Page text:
A recent poll by ComRes has found that 35% of renters in the private rented sector consider themselves floating voters whose votes in next year’s election could be influenced by housing policy, particularly private rented sector policy. The Guardian has suggested that this should prompt a move to make the implementation of licensing easier and to create a national register of landlords. Current (and planned) policy is rightly more focused on eliminating the rogue element who conduct unfair revenge evictions and do not comply with safety and repair standards.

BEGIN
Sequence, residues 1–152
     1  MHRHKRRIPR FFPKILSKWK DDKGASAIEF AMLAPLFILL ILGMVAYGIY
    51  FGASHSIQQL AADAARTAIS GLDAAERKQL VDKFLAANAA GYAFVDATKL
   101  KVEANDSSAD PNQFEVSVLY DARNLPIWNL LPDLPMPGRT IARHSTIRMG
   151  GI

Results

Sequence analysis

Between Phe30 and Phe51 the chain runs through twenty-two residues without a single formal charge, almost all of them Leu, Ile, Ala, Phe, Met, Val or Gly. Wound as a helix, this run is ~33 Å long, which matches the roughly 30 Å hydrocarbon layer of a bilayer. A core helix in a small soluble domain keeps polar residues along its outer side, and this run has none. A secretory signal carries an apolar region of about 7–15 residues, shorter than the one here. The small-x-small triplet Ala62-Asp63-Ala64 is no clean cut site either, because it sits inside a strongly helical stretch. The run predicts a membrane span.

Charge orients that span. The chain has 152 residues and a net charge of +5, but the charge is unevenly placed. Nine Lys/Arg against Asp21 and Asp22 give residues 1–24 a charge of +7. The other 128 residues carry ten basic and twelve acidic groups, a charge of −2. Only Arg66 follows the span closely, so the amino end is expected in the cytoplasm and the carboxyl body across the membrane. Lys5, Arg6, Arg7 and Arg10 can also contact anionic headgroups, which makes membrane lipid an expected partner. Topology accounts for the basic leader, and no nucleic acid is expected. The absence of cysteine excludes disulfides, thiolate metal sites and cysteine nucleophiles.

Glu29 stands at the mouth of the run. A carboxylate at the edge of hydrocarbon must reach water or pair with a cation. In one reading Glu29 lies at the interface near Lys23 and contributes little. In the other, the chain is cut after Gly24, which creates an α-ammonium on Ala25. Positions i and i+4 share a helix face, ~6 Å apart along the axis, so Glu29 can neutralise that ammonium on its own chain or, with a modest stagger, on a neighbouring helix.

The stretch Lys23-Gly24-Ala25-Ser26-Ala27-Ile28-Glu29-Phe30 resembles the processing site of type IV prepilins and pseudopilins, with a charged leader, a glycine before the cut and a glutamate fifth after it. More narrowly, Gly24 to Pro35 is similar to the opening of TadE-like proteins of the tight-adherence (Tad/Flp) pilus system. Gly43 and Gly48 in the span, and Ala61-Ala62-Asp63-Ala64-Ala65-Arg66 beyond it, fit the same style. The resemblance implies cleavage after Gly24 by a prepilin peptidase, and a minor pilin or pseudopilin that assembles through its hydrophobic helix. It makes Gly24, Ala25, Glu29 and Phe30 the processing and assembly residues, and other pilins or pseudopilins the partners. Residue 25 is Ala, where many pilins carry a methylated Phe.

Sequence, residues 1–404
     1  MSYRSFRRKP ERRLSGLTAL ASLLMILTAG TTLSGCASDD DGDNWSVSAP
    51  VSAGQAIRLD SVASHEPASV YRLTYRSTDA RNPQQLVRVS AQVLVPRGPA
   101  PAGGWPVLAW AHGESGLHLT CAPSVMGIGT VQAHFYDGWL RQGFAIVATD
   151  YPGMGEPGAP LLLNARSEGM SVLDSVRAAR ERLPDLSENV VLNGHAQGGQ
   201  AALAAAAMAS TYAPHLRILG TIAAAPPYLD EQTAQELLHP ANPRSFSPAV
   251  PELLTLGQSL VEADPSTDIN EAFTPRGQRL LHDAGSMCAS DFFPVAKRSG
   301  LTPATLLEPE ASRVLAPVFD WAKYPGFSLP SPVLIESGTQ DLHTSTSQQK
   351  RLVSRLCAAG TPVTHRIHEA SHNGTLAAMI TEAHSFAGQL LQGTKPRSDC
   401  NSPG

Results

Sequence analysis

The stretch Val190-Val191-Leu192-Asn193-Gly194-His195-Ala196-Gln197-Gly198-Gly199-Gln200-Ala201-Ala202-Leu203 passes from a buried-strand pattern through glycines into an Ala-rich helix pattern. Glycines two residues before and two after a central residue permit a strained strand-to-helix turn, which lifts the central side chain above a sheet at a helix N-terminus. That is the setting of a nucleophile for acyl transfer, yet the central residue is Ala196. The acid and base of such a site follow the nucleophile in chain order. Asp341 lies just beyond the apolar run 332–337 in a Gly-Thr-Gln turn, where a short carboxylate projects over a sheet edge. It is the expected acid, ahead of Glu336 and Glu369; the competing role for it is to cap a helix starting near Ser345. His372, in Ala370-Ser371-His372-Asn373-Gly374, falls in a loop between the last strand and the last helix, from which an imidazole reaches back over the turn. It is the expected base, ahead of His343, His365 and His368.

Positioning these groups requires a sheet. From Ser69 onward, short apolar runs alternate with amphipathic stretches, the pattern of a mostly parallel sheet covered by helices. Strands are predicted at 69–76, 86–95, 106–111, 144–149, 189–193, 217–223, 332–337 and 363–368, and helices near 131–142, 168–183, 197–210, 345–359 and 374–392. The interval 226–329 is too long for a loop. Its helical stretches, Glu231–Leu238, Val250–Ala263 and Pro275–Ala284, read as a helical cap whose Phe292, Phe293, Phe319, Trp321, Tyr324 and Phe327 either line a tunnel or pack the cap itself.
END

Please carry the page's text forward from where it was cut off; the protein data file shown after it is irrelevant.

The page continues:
Could the government be influenced by these polling statistics to go even further towards widespread licensing and a national register? It seems unlikely: it is currently looking at restricting councils’ ability to introduce licensing. This is probably necessary in light of the current problems with the system and the many councils seemingly poised to take advantage. But whether other parties see a register and more licensing as a potential way to appeal to voters is another matter. Hopefully they realise it would fail to deal with the worst problems which tenants face under rogue landlords.